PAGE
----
February 25, 2019
Infanticide ban receives bipartisan majority support, fails to break Democratic filibuster
Video of Senator Sasse’s remarks is available by clicking here or on the image above.
Today, despite receiving the support of a bipartisan majority of the United States Senate, Senator Sasse’s Born-Alive Abortion Survivors Protection Act failed to receive 60 votes to break a Democratic filibuster. The final roll call vote was 53-44.
“I want to ask each and every one of my colleagues whether we're okay with infanticide,” said Senator Sasse. “This language is blunt. I recognize that and it's too blunt for many people in this body. But frankly, that is what we're talking about here today. Infanticide is what the Born-Alive Abortion Survivors Protection Act is actually about. Are we a country that protects babies that are alive, born outside the womb after having survived a botched abortion? That is what this is about. Are we a country that says it’s okay to actively allow that baby to die — which is the current position of federal law? That’s the question before us, plain and simple… Despite opposition and setbacks, despite some strange rhetoric about this bill over the course of the last week, I am hopeful in the long term. Deep down, each of us knows that every member of our human family ought to be protected, and deserves to be cherished and loved. The love we see every day in the eyes of moms and dads for their newborn babies is an inescapable reminder of that fundamental truth. Love is stronger than power.”
Sasse’s legislation, sponsored by half of the Senate, protects newborns that are born alive after botched abortions by requiring the same degree of care that would be provided to any other newborn at the same stage of development.
Full remarks of Senator Sasse’s remarks on the floor tonight is available here:
Madam President, I just listened to the Senior Senator from New York, my friend from the gym and the Minority Leader, deliver some summaries of what he says is in the bill before us and he implored this body, he implored people watching on C-SPAN to read the bill and they would find that all these terrible things are in the bill. I see that the Minority Leader has to leave the floor now, but humbly I would urge him to come back and show us where any of what he just said is in this bill, is in this bill. What he said wasn't true.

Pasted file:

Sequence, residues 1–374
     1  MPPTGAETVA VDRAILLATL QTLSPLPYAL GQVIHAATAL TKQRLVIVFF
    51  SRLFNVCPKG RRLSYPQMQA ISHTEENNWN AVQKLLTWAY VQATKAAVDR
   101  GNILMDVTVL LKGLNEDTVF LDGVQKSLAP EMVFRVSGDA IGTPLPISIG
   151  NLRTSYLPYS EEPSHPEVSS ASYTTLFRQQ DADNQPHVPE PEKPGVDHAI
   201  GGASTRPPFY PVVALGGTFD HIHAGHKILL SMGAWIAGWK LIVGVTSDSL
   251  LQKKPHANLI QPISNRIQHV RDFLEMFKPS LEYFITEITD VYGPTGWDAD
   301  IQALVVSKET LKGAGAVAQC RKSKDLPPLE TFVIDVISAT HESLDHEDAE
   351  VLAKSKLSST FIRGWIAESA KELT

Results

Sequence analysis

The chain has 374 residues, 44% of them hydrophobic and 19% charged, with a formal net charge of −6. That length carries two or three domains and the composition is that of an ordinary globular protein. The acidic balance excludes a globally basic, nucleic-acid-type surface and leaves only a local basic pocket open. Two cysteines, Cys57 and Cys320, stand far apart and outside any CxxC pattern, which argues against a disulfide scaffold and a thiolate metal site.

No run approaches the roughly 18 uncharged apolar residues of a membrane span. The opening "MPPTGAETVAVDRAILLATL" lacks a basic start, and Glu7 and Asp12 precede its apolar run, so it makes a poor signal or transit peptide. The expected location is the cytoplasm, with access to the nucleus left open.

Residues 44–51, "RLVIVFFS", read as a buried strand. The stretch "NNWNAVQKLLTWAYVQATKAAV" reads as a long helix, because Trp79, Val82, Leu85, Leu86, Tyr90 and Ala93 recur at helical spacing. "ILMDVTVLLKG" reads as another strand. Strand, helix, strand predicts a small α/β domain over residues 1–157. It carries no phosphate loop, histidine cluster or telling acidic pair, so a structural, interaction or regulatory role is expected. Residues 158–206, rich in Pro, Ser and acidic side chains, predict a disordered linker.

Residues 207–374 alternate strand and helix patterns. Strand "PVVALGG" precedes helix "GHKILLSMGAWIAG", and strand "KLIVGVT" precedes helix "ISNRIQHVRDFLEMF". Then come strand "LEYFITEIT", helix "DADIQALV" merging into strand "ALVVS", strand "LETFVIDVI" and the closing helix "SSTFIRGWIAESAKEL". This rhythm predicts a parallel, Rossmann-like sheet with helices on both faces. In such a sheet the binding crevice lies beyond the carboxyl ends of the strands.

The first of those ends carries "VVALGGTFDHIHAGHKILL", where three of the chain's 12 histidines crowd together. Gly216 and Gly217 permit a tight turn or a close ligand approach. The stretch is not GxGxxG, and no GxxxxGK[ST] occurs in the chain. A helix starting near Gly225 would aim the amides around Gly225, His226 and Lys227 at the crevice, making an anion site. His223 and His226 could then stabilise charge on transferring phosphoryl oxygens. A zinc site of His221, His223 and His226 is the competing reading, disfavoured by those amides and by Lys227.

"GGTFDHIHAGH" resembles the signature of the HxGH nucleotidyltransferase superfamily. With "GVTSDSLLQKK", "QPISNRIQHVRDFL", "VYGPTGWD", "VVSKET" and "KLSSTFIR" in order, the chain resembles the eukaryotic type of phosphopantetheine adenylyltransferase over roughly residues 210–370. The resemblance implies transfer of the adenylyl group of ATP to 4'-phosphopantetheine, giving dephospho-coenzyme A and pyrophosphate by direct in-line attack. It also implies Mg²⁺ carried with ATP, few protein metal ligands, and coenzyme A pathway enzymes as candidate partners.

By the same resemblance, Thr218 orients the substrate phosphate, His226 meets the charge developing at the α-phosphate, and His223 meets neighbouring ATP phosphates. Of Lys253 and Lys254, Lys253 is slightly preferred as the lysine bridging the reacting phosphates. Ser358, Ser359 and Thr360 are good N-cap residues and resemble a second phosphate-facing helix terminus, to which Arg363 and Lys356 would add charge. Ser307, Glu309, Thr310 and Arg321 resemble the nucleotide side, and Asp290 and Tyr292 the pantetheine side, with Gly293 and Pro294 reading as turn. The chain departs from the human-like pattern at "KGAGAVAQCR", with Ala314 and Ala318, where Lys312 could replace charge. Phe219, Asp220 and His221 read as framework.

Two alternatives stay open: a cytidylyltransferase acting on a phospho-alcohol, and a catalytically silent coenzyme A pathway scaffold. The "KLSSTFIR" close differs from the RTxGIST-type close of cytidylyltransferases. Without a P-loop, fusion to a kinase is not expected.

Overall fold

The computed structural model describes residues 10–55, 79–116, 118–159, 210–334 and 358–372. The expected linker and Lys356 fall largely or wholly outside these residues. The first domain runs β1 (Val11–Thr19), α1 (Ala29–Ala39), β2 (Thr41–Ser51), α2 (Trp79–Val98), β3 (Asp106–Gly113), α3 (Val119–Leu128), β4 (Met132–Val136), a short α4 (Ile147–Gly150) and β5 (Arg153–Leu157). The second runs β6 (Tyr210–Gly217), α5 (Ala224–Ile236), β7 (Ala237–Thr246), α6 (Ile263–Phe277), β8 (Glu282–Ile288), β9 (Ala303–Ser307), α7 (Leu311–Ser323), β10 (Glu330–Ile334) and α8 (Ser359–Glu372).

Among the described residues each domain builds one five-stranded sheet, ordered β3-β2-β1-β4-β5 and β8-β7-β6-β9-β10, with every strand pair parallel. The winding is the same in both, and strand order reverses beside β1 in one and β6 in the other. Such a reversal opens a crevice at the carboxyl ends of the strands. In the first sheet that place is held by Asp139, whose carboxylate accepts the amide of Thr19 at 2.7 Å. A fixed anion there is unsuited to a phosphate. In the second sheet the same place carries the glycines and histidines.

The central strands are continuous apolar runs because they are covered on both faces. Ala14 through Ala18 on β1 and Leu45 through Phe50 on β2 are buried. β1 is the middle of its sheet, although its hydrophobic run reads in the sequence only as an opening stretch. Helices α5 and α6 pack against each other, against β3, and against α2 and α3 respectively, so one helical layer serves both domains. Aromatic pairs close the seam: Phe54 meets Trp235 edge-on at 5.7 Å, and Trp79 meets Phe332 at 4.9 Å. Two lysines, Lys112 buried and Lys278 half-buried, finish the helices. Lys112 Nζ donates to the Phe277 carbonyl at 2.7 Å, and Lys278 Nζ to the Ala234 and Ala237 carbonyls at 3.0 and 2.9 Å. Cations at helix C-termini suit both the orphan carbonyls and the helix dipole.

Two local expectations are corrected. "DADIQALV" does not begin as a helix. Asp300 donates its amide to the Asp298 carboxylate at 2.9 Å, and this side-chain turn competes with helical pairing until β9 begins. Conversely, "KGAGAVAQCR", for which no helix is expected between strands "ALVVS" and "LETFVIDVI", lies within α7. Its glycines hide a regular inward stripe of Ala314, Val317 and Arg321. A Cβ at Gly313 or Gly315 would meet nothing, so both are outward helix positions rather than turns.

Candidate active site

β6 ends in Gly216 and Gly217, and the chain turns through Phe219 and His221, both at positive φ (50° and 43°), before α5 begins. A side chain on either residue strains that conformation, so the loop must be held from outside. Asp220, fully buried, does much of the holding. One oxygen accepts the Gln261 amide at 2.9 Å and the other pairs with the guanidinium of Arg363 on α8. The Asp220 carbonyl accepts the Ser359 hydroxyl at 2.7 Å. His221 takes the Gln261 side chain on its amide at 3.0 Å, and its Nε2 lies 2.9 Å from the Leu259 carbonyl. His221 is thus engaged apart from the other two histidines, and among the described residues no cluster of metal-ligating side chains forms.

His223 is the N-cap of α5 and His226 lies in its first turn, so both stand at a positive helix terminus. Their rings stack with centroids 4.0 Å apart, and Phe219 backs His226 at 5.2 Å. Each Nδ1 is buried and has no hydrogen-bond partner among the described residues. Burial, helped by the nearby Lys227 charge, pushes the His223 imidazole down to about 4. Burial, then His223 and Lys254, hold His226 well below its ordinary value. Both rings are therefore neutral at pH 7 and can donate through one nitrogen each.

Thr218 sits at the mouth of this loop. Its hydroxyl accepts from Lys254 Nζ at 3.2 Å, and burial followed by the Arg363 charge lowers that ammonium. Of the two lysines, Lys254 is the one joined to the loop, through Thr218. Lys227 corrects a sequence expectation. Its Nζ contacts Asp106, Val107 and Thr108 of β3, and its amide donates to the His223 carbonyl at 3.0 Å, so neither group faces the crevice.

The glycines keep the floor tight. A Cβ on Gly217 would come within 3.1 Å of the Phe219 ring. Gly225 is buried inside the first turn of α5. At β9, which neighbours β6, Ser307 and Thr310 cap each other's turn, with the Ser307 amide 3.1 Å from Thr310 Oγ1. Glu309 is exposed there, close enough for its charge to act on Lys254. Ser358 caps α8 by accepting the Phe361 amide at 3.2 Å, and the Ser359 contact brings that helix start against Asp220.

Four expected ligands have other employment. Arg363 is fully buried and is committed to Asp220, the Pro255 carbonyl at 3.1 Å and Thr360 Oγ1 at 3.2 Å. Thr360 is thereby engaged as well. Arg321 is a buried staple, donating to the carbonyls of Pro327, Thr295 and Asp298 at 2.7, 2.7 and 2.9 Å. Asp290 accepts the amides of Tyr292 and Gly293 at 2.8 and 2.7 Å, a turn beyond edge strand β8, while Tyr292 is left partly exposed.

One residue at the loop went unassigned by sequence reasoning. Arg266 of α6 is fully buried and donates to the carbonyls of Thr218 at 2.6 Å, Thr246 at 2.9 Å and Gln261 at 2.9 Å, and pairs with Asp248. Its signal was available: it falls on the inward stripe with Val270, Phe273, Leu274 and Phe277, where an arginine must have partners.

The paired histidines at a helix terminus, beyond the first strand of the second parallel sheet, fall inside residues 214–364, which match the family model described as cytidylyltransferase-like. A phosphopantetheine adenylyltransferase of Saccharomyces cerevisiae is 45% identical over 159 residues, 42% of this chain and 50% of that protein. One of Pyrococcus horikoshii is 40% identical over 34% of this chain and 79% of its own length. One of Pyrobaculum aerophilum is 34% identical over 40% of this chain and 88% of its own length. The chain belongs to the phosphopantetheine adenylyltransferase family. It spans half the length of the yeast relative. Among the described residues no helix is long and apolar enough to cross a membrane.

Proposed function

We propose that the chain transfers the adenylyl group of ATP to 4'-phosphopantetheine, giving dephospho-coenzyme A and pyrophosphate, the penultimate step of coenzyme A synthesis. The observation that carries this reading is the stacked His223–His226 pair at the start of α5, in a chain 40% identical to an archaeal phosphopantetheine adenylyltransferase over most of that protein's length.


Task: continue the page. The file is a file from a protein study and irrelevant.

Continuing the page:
I rise today for a simple purpose, Madam President. I want to ask each and every one of my colleagues whether we're okay with infanticide.
This language is blunt. I recognize that and it's too blunt for many people in this body. But frankly, that is what we're talking about here today. Infanticide is what the Born-Alive Abortion Survivors Protection Act is actually about. Are we a country that protects babies that are alive, born outside the womb after having survived a botched abortion? That is what this is about. Are we a country that says it’s okay to actively allow that baby to die — which is the current position of federal law? That’s the question before us, plain and simple.
Here are the facts: We know that some babies, especially late in gestation, survive attempted abortions. We know, too, that some of these babies are left to die, left to die. No federal protections exist to shield them from this ugly fate. And only some states have protections on their books, and we've seen in our national discourse over the last month and a half a few states moving, in different ways, but to undo protections that some of these babies have had at the state level.
The Born-Alive Abortion Survivors Protection Act is trying to right this obvious wrong. The bill’s terms are simple: A child born alive during a botched abortion would be given the same level of care that would be provided to any other baby born that same gestational stage. That’s it.